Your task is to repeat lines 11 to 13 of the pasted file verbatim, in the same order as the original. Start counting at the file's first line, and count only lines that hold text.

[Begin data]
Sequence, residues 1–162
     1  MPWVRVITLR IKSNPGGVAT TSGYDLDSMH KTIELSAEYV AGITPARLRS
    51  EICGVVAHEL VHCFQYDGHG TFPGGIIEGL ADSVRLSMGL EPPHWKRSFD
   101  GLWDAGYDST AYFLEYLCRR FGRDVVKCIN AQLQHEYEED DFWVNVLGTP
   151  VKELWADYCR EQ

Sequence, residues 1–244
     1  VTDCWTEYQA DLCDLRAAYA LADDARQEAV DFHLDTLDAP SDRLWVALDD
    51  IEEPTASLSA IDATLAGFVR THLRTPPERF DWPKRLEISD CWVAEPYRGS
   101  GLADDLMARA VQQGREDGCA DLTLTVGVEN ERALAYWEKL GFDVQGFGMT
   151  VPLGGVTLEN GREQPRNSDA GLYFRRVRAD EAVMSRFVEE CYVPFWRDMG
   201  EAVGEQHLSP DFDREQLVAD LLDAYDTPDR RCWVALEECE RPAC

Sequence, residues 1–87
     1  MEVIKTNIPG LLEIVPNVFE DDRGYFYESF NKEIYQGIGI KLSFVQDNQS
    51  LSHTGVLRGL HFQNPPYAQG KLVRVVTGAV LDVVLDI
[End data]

   201  EAVGEQHLSP DFDREQLVAD LLDAYDTPDR RCWVALEECE RPAC

Sequence, residues 1–87
     1  MEVIKTNIPG LLEIVPNVFE DDRGYFYESF NKEIYQGIGI KLSFVQDNQS